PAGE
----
MOBILE, Alabama — Disoriented but safe, authorities found a 57-year-old man suffering from Alzheimer’s less than two hours after he was reported missing Tuesday morning. Officials credited his Project Lifesaver band for the quick rescue.
The band contains a transmitter which sends a chirp out when a receiver is nearby.
The Mobile County Sheriff’s Office was notified of the missing man around 8:40 a.m. He was back home by 10:15 a.m.
“The average search for a missing Alzheimer’s patient in the U.S. is 9 hours,” said Cpl. Kent Smith, of the Alabama Department of Public Safety. “And it can be very costly. With equipment and man hours, that 9 hour search could cost $300,000.”
Smith is the state coordinator for Project Lifesaver, a program which provides bands to people who tend to wander due to Alzheimer’s, autism and a variety of other disorders or conditions.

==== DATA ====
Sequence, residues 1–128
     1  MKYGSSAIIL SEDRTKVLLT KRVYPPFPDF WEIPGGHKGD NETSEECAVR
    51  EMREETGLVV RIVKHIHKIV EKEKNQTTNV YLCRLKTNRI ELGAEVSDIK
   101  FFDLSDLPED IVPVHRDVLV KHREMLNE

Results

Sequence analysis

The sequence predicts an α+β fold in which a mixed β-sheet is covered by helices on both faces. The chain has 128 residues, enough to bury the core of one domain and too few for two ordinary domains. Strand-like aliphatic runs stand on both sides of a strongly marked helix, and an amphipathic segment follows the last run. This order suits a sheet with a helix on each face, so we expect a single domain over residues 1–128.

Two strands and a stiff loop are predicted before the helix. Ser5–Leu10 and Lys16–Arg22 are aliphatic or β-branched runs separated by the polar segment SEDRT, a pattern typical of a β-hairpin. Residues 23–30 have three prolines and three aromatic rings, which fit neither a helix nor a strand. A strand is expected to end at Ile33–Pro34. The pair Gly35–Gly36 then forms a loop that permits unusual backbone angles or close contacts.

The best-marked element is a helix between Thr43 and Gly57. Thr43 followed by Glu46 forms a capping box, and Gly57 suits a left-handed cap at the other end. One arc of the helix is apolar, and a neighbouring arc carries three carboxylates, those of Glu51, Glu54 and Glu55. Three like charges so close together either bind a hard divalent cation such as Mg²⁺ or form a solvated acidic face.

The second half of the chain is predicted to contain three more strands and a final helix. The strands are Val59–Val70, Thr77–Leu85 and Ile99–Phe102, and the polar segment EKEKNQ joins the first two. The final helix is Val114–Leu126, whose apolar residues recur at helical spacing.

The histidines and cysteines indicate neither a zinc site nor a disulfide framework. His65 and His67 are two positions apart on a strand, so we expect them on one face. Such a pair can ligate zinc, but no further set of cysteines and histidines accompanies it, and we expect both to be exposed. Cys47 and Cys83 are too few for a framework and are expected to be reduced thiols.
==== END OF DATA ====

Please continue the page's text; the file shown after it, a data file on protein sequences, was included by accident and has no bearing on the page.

The missing 57-year-old also suffers from seizures, according to MCSO.
Deputies arrived at his home in Mobile around 9:15 a.m. Using a receiver provided by Project Lifesaver, they listened for any sign of the man, without success.
Dep. Matt Peek turned to Alabama State Troopers for assistance. They sent out a helicopter crew from Fairhope, equipped with a receiver.
Within about 20 minutes of their takeoff, they located the missing man one and a half miles from the place he was last seen.
“He seemed disoriented but stated that he knew where he was,” Peek said.
Smith said approximately 500 people across the state participate in Project Lifesaver, although there are 80,000 Alzheimer’s patients alone statewide. He said the bands are not for all such patients, but for “anyone who’s prone to wander.”
For more information on Project Lifesaver, contact MCSO at 251-574-2423.